Obviously, for the fans of the original Red Sonja (such as myself), the insurmountable moment of estrangement comes when Conan, about to engage in a deserved threesome with two buxom wenches, is surprised by Sonja waiting in his bed. “You’re more woman than an entire harem of those wenches”, he tells her.

Obviously, before they can consummate their sensual yearning, they are attacked by two demon-warriors sent by Kal’ang to kill Conan and Sonja in an attempt to stay the imminent attack by the Kushian forces. The monster’s attack, repelled by the lovers-to-be, prompt them to anticipate the attack on Stygia, setting the cliffhanger for issue #2. And yet, one is left to wonder:

What would happen if Conan and Sonja really did it? If they really ever got to make love? I guess one will never know, for the entire Universe seems to be conspiring against such an event. In commercial terms, it would really be unwise, as we’ve learned from countless examples in the past: Superman and Lois Lane, John Steed and Mrs. Peel… the endless teasing, the eternal will-they-won’t-they? is a lot more rewarding than the one-time-only emotional peak of fulfillment. However, when Sonja had her vow never to fuck anyone who haven’t bested her in a fair fight, there was a meta-diegetic rationale that helped suspend the reader’s disbelief as to all the extraneous circumstances that went to prevent the carnal union. But now, in this pasteurized version of Sonja (or Horny Sandra, like our friend TheMightyFlip so appropriately termed her), one is ever aware of how ridiculous it is that every event of relevance to the plot would happen precisely when Conan and Sonja are about to engage in lovemaking, and even before they remove a single piece of clothing (or armor). It’s as if one is thrown back to the times of the Hollywood Hays code.

It feels a cheat, and lazy writing. Sonja now can fuck (and in Simone’s version, fucks) anyone she chooses, and it has been shown (at least in Conan / Red Sonja, repeatedly) that Sonja has no trouble beating Conan with a sword, and yet… not with Conan. It seems contrived, infantile and demeaning to the reader, who, one hopes, is long over the uproar of seeing Dick Grayson and Starfire in bed in The New Titans #1 (1988). It may be slim pickings, but it mars a little what otherwise is a promising start to a potentially interesting mini-series.


  1. Wasn't Red Sonja turned into a vampire recently?

    1. That was the Crimson Well arc which started with issue 76 of the first series, as I recall. It was an arc that came out of the Prophecy crossover whose importance to Dynamite was abandoned before it started for Simone's announced run. It has no connection to Simone's series.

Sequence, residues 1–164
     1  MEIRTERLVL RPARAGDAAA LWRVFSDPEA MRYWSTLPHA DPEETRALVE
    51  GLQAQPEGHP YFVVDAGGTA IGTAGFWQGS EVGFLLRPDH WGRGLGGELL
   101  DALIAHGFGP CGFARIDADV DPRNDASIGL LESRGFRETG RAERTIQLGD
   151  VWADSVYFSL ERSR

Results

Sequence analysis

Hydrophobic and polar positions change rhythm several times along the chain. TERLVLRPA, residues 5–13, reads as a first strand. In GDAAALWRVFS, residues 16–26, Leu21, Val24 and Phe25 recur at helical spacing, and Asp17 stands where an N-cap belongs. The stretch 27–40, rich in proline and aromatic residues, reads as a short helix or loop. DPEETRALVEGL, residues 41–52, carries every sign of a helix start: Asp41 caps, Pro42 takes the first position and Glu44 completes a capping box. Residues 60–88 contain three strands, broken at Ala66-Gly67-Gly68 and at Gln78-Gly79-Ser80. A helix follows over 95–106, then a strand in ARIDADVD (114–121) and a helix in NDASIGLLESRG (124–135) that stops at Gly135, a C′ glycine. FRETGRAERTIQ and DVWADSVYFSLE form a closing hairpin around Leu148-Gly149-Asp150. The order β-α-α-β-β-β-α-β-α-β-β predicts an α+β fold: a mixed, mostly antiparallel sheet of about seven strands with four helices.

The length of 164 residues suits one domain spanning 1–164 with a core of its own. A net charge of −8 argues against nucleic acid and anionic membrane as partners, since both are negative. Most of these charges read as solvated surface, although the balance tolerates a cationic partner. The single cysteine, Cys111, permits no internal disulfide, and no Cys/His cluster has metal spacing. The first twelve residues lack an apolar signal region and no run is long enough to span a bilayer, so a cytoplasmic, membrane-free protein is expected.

2. The Simone/Zub crossover struck me as a trite story. The time jumps made Thoth Amon seem the slowest moving enemy ever created as he needed years to get any plan going. Also, the Bloodroot, after the creepy first chapter reveal became less threatening than a kudzu infestation thanks to the lack of focus on Thoth and the Bloodroot. An average episode of Scooby Doo would be the level of threat Conan and Sonja faced in that story. The less said about Conan going all emo-angst about his life of bloodshed and Sonja throwing herself at him for pity sex the better.

      This offer from Gischler did not feel much better. The art had gaffes enough. When Sonja and Conan first meet his axe loses its blade in one panel and when they go into a clinch the blade is dangerously close to gelding him.

      Writing had gaffes enough, too, such as ditching the two wenches for Sonja 'Conan no longer needs of you' which is bad on many levels. First, Conan no longer HAS NEED of you. There's more writing gaffes through out the text, too many for a professional book, really. Secondly, and more important in some ways, when has Conan ever used that idiotic sounding third person voice? Crom!

      Finally, this had the feel of later Marvel works where Sonja would appear and be a second banana supporting character. Conan proposes the dual command, he's done the scouting and discovering the enemy's supposed weakness in cavalry, and the fight at the end has Sonja tackled and Conan beheading the attacker after chucking the beast jumping him out the window. Sonja puts a shaft in him in the end, but these two were shown to be nothing but a nuisance to Conan. Apart from the initial fight, and the arrow, the bulk of Sonja's action in word and deed is trying to get under Conan's furry breeches.

      Altogether, this was a very poor showing for the character in the first issue of the book produced by Dynamite. This is especially seen in the dialogue from the mercenaries at the start and the assassins at the end who pointedly address themselves to Conan alone referring to Sonja as 'his harlot' in the first instance and 'his bitch' in the second.